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The Next Link in the Chain

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David Bibi is the Rabbi of the Sephardic Congregation of Long Beach and has taught in many community Synagogues. He has written and edited a weekly newsletter “Shabbat Shalom from Cyberspace” for 19 years, and can be reached at
David Bibi is the Rabbi of the Sephardic Congregation of Long Beach and has taught in many community Synagogues. He has written and edited a weekly newsletter “Shabbat Shalom from Cyberspace” for 19 years, and can be reached at
Commentary on Parsha Ki Tetzei By Rabbi David Bibi

This week’s Torah portion begins with the Yefat Toar. A soldier brings home a non-Jewish female captive. He must have been attracted only by her external beauty for he certainly has little in common with her and has not taken the time to know her. Even so, he disregards rational and obvious differences and marries her.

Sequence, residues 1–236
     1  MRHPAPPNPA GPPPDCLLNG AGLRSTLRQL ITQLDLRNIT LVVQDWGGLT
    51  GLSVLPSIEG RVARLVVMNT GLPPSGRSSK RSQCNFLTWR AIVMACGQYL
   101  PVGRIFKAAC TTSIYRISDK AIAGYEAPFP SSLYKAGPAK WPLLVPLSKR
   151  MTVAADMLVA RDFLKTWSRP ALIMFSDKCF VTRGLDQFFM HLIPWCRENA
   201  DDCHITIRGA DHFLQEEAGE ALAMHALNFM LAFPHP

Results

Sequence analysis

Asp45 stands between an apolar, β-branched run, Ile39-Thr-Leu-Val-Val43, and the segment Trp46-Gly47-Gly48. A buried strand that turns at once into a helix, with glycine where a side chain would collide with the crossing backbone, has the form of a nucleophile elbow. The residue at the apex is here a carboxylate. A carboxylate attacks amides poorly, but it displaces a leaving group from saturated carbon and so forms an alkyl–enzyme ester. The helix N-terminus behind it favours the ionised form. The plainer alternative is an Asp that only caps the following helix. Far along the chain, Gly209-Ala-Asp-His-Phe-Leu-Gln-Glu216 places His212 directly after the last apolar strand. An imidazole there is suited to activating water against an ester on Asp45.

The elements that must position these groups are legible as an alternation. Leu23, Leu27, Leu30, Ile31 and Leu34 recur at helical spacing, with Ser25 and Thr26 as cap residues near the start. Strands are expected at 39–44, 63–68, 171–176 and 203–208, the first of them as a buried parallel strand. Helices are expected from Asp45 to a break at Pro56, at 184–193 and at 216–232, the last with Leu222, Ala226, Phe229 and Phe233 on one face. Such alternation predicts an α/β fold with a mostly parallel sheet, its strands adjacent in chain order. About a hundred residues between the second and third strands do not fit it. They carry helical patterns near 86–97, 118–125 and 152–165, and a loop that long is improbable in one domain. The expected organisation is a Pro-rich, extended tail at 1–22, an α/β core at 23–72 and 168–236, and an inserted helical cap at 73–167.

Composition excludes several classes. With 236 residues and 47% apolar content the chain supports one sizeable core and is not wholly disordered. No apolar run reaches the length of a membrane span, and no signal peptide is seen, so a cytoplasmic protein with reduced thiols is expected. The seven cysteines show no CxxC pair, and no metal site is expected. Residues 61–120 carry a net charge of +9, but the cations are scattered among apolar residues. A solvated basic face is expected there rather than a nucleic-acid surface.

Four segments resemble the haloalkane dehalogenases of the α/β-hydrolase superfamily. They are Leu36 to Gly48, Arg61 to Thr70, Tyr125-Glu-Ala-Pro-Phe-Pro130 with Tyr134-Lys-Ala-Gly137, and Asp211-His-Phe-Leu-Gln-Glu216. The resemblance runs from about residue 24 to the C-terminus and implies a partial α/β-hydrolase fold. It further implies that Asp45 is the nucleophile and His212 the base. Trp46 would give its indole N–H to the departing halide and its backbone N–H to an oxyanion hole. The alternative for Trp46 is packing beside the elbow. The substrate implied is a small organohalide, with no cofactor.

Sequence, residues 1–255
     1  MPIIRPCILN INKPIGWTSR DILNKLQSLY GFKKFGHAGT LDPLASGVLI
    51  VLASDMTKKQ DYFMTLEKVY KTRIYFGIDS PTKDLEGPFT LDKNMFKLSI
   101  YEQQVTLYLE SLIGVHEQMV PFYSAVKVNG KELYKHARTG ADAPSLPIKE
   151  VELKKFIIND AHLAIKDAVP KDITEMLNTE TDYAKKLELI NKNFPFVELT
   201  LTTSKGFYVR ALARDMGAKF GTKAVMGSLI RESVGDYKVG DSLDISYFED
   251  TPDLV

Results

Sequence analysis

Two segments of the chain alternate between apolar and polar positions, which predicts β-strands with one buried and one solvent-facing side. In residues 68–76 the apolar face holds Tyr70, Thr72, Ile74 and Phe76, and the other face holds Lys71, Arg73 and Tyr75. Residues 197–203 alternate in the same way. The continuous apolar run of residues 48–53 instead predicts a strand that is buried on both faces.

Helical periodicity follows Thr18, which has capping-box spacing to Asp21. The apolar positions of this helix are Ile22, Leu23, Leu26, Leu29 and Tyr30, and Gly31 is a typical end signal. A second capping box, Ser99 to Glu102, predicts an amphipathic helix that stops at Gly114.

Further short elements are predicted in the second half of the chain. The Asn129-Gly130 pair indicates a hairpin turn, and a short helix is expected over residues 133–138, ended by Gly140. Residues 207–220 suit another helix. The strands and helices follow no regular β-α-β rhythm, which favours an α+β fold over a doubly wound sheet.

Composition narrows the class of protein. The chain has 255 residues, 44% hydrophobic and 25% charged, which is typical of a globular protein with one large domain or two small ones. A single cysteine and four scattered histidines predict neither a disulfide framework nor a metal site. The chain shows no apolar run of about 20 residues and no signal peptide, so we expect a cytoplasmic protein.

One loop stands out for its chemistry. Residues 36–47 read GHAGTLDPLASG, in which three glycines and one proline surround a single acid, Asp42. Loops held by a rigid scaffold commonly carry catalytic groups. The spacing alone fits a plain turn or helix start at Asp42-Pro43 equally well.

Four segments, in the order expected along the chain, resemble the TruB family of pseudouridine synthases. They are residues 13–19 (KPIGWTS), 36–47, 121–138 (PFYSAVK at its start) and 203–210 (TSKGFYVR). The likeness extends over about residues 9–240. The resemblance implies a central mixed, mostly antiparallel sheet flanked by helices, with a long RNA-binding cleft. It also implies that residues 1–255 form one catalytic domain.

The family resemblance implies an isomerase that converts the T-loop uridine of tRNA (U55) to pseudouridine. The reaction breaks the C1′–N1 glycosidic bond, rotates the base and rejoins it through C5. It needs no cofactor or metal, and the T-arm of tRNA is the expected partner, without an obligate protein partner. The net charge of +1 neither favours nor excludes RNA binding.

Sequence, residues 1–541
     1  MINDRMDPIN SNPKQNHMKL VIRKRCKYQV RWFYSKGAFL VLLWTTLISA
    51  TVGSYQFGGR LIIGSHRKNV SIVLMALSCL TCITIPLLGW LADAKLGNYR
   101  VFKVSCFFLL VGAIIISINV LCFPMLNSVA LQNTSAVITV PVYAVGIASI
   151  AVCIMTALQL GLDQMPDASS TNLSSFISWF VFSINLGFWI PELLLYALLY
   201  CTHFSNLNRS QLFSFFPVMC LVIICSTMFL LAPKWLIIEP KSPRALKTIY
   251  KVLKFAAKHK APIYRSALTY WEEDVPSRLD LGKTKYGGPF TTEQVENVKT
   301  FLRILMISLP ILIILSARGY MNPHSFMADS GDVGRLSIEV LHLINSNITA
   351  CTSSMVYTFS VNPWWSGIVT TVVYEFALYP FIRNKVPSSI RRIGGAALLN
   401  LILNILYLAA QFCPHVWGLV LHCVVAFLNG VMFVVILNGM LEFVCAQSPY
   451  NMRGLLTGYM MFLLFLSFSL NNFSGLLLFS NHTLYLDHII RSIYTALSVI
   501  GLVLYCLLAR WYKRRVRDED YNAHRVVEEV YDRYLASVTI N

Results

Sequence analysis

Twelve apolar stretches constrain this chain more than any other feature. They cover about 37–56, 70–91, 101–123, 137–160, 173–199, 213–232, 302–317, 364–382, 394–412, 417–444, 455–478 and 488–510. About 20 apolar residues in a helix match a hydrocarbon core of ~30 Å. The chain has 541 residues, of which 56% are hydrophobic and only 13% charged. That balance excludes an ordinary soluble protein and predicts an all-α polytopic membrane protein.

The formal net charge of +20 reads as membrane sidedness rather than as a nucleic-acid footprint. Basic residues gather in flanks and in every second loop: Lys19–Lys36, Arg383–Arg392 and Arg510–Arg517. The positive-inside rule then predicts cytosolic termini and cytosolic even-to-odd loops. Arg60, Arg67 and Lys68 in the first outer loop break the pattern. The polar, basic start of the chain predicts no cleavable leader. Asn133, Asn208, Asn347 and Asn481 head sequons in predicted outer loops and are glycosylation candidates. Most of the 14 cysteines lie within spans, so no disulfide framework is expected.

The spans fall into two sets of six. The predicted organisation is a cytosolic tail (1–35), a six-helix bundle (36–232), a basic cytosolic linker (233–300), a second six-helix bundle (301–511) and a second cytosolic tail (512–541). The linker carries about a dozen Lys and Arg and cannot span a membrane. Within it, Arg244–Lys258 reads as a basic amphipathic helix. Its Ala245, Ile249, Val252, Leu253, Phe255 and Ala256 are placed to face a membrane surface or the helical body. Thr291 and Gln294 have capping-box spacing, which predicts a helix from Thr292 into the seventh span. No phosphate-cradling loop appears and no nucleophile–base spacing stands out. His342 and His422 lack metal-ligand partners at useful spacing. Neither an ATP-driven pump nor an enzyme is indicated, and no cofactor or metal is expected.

The portion continues, “One (wife) beloved and the other hatred.” To which Rabbi Shimon comments in the Talmud that, “The Torah is teaching us proper behavior, for in the aftermath of marrying the beautiful captive, he will come to hate her and love another woman.”

In his book, Beloved Companions, Rabbi Yisrael Pesach Feinhandler asks the question: Why, if a man marries a woman because of her beauty, will she later come to be despised? Isn’t beauty an admirable gift bestowed upon women? We read in, “Charm is false and beauty is empty, but a woman who fears G-d is praiseworthy.” Why is charm called false, and beauty empty, and not vice-versa? Why are several famous women such as Rachel, for example, praised for their beauty, if it is not an admirable quality?

He answers: Our Sages tell us “Love that is dependent on something will not last.” The meaning behind this is that love for its own sake is a love based on the desire to give and to share. On the other hand, if one loves for the sake of what the other person has to offer, whether beauty or charm or wealth, this is not true love, and it will not endure. This kind of love is ephemeral, because it is dependent on things which are not always available.